Artificial Intelligence Used to Track World's Wildlife

27 June, 2018

Scientists have long struggled with how to measure the effects of climate change on wildlife. This is especially true for birds flying in and out of coastal areas bordering the Arctic Ocean.

In the past, researchers depended mainly on information gathered by satellite to follow the movement of birds and animals. But this method can be costly and result in huge amounts of information, which can be difficult to process.

Now scientists are turning to another kind of technology to help them follow birds and other wildlife. Songbirds are especially difficult to study in the wild. They can fly across thousands of kilometers and their bodies are too small for electronic tracking devices.

A new report tells about a project in which researchers recorded songbirds and then put the sounds into a computer program to be studied. The researchers created machine learning algorithms with the ability to focus on bird calls while ignoring other noises. The algorithm helps improve the likelihood of predicting the correct result. Similar machine learning methods have been used to recognize human speech.

This June 30, 2016 photo provided by the U.S. Geological Survey shows a Bristle-thighed Curlew in Nome, Alaska. (Rachel M. Richardson/U.S. Geological Survey via AP)
This June 30, 2016 photo provided by the U.S. Geological Survey shows a Bristle-thighed Curlew in Nome, Alaska. (Rachel M. Richardson/U.S. Geological Survey via AP)

Birds are known to make more singing and calling noises after arriving in areas where they plan to mate. Spring is short in extreme northern areas of the American state of Alaska. There, the birds must mate and have their young before winter.

The algorithm is designed to use the recordings to estimate when the birds arrive in large groups to begin mating.

A lead researcher on the project is Ruth Oliver from Columbia University in New York. Oliver told VOA that she and others traveled to northern Alaska to put recording equipment in four different places. The equipment was used to make four half-hour recordings each day. This produced more than 1,200 hours of audio, but not all of it was from birds.

"There's a lot of other noise in these recordings. Even in May, in northern Alaska, there's lots of wind, lots of rain, and all of that is confounding when you're listening to birds."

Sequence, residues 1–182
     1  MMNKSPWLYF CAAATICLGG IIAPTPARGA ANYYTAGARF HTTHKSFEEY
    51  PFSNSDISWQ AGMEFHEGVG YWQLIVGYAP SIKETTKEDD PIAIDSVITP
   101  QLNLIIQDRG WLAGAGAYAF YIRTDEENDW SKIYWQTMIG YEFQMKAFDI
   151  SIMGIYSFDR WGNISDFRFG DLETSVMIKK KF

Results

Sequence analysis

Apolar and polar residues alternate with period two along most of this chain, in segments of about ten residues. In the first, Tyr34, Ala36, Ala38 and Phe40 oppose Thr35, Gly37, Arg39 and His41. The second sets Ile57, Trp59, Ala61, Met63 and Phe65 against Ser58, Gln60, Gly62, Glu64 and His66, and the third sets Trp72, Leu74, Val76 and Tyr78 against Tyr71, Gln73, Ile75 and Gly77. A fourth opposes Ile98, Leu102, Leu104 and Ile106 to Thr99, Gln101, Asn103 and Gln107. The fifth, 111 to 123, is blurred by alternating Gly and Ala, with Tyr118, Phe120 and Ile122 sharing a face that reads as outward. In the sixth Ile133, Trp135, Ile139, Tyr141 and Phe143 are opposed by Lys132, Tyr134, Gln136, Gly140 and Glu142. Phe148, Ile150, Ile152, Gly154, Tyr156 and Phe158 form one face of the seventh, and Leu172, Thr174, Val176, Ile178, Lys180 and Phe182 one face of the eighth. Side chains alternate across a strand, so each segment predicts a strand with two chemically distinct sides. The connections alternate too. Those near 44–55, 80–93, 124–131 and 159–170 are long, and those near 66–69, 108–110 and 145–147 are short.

Oliver adds that the machine learning method is a valuable tool to help identify and process the most useful parts of the recordings.

While some results were produced completely by machine, Oliver said human supervision helped to improve the process. In both cases, the researchers reported the computer was correct in estimating when the birds arrived to their breeding grounds.

Oliver says the unsupervised machine learning method could be retooled to use sounds to measure the movements of other wildlife. "This could allow us to track large-scale changes in how animals are responding to climate change," she said.

Emily Jo Williams is a bird expert with the American Bird Conservancy, a non-profit group. She told VOA she agrees that machine learning can provide scientists with valuable information about how climate changes are affecting animal populations.

"We know from some research that some birds' ranges have actually changed, and they've moved in response to what we think is a warming climate."

In another study, researchers reported how machine learning methods can be used to identify, count and describe animals in the wild.

Deep learning can successfully identify, count, and describe animals in camera-trap images. (
Deep learning can successfully identify, count, and describe animals in camera-trap images. (

Currently, scientists depend mainly on cameras in the wild to keep track of animals. But just like the first study, the second also points out the problems of trying to deal with the large amounts of information gathered.

Processing this data can be costly and involve a lot of people.

Researchers created a machine learning system they say uses artificial intelligence or AI to identify, count, and describe the behaviors of 48 animal species. They said their method can correctly identify animals at a rate of 94 percent.

The scientists said results showed AI can be used as an effective way to gather "a wealth of information" on huge numbers of animals in the wild. They say the new methods will save time and costs, and can even operate in real-time.

I'm Bryan Lynn.

Bryan Lynn wrote this story for Learning English, based on a report from Sadie Witkowski of VOA News and other sources. George Grow was the editor.

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Words in This Story

track v. to follow and find

algorithm n. set of steps that are followed in order to solve a mathematical problem or to complete a computer process

focus – v. to direct attention at something

confounding adj. surprising or confusing

respond – v. to react

allow – v. to permit or let

range n. amount or number between a particular set of limits

artificial intelligence n. ability of a machine to reproduce human behavior